In addition to Hepburn’s awards, two ASU doctoral students were recognized with the Miki Vohryzek-Bolden Student Paper Award given to the best researched and written original manuscript. Weston Morrow and Lisa Dario were awarded the honor by a juried committee for their paper titled "Examining the Prevalence of a 'Youth Discount' in the Juvenile Justice System." Morrow and Dario examined the role that age, race and gender played in decisions that could benefit or harm juvenile offenders.

"Weston and I are thankful to be recognized by the Western Society of Criminology,” said Dario. “To be honored in front of the many prestigious academics at the conference both humbled us and made us that much more excited to continue working on this manuscript for publication. The conference was great – very welcoming of students and really diverse in terms of the interesting research presented."

The ASU School of Criminology and Criminal Justice played a significant role in the conference. Several students and professors presented research at the annual meeting.

Doctoral student Gabriel Cesar presented findings from a research project with assistant professor Danielle Wallace and National Opinion Research Center senior research scientist Eric Hedberg titled “Social Undesirability in Survey Responses: Do Web Surveys Generate Socially Extreme Reactions?”

Associate professor Michael White and doctoral students Phil Mulvey and Lisa Dario discussed their research titled “Use of Force, Suspect Resistance & Police Legitimacy: Examining the Impact of Reciprocal Aggression.” The authors examined patterns of reciprocal aggression during arrests and the impact of that aggression on arrestee perceptions of procedural justice and police legitimacy.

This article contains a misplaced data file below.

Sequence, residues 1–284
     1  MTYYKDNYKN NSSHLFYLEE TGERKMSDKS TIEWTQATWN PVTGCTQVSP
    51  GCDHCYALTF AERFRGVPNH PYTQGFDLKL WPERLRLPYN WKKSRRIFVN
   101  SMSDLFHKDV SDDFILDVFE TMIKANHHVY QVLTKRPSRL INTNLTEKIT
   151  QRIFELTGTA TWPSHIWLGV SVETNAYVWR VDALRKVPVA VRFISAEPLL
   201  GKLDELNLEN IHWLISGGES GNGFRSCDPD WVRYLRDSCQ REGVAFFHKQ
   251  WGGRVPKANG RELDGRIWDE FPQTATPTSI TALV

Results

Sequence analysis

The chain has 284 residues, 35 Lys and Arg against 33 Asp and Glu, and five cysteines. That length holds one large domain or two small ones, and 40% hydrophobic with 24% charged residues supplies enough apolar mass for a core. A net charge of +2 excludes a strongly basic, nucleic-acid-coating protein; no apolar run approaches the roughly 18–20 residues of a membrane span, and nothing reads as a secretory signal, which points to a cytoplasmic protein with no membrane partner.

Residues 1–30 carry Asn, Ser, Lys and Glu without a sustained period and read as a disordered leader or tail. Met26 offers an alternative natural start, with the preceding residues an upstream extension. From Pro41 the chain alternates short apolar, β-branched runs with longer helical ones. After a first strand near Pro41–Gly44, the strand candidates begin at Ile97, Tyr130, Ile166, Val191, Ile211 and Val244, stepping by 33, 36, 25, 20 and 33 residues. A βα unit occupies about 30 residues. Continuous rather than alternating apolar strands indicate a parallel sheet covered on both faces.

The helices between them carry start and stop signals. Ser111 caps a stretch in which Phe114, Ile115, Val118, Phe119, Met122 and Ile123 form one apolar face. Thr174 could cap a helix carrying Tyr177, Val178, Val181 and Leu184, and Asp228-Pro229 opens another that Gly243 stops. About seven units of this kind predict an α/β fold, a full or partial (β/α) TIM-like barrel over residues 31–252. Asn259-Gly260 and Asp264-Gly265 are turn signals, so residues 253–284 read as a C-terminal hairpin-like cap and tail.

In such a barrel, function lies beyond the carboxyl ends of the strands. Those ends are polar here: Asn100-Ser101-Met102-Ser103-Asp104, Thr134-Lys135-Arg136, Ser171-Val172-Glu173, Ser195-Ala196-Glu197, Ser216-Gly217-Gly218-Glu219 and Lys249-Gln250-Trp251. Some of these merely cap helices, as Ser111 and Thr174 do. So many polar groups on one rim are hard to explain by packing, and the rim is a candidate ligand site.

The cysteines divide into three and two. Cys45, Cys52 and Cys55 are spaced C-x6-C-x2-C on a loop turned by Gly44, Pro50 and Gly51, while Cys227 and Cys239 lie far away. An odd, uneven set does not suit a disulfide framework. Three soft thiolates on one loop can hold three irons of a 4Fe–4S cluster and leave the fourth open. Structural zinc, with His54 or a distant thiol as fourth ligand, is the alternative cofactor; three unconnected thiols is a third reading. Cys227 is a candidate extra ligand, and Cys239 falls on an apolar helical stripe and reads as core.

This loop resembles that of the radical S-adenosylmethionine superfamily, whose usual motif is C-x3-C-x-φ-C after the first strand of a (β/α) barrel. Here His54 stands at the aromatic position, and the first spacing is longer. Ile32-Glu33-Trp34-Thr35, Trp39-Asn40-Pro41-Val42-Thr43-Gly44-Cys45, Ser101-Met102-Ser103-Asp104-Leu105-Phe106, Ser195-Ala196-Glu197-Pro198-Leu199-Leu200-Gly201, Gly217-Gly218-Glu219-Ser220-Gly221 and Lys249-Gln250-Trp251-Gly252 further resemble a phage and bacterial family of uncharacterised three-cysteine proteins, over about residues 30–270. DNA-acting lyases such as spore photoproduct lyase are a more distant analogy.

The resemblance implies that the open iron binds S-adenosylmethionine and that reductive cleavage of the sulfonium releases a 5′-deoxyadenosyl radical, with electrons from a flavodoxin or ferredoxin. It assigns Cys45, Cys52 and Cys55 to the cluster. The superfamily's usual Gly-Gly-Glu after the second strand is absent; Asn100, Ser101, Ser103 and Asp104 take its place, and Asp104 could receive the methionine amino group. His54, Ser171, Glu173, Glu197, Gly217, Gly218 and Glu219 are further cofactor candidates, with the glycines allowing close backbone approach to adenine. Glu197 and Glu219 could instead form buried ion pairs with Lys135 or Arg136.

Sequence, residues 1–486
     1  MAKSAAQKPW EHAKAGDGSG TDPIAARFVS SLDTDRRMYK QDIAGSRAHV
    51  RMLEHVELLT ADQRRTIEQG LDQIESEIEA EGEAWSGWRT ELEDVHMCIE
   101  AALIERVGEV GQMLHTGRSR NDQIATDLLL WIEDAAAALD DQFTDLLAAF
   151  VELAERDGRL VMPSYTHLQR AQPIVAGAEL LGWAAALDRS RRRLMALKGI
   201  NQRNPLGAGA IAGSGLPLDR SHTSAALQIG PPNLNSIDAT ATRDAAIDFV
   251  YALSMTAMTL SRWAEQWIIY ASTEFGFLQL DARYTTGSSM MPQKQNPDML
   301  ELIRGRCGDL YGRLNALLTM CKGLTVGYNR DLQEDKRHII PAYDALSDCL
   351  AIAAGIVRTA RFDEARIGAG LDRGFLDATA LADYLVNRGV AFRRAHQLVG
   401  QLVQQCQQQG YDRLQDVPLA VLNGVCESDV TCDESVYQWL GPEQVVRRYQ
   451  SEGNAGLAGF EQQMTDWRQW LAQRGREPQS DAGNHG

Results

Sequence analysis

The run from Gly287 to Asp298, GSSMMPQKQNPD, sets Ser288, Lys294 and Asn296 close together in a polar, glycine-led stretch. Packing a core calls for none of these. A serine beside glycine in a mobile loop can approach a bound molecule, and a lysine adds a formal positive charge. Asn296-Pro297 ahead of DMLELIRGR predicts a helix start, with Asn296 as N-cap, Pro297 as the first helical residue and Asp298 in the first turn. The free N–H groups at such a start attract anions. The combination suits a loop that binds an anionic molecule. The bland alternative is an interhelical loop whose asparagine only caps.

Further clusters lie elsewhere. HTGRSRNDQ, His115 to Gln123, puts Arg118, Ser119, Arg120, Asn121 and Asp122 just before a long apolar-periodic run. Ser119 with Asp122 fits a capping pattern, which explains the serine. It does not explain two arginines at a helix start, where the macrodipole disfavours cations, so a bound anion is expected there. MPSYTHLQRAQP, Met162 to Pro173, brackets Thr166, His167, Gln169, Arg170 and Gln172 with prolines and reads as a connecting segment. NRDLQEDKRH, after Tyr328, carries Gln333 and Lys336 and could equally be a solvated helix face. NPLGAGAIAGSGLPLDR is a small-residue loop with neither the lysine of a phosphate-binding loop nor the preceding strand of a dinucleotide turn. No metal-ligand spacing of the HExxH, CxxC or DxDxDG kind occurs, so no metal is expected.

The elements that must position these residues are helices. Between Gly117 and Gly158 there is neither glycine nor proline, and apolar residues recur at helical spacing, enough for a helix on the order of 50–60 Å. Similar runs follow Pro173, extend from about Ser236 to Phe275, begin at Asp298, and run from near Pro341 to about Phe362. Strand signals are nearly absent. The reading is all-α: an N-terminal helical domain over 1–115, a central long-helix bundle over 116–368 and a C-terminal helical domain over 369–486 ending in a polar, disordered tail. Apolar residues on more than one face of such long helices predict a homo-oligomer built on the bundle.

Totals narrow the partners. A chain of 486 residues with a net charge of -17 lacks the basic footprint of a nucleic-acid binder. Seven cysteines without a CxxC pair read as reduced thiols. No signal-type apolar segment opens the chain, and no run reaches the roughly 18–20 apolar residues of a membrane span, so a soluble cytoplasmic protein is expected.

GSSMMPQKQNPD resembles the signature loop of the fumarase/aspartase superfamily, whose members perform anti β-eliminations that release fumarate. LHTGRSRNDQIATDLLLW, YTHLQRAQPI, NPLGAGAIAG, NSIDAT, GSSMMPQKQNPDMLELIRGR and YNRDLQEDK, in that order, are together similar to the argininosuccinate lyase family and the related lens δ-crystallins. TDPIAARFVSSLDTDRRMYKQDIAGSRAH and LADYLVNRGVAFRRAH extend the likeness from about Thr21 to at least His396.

Foundation professor Cassia Spohn was featured in a panel session on race, ethnicity and crime. The director of the doctoral program at the ASU School of Criminology and Criminal Justice also presented findings from a research project with School director Scott Decker and doctoral student Natalie Ortiz titled “Criminal Record and Employment Prospects: An Experimental Audit Study.” The research project examined what kind of impact an offenders' race, ethnicity, gender, and criminal history had on getting hired.

ASU School of Criminology and Criminal Justice doctoral students Weston Morrow, Lisa Dario and Samuel Vickovic presented a paper titled “Transitory Hot Spots and Coastal Crime: The ‘Point Break’ Effect.” The team examined correlations between favorable surf conditions which draw surfers to particular beach locations and an increase in crime due to motivated offenders that target areas during those times.

“I enjoy being a part of the WSC conference because it is an intimate environment where scholars and practitioners can get together and share their ideas,” said Vickovic. “It is especially welcoming to younger scholars who are new to attending and presenting at an academic conference. It provides these individuals with an opportunity to present their research in a supportive atmosphere.”

Vickovic, a student representative on the WSC board of directors, also spoke at a panel session on police and the crime rate. Katherine Ginsburg, a first year doctoral student, spoke during a panel session on court sentencing.

The annual meeting of the Western Society of Criminology offers students the chance to network with peers. The ASU School of Criminology and Criminal Justice features three professors who serve on the organization’s board of directors: Marie Griffin, Justin Ready, and John Hepburn.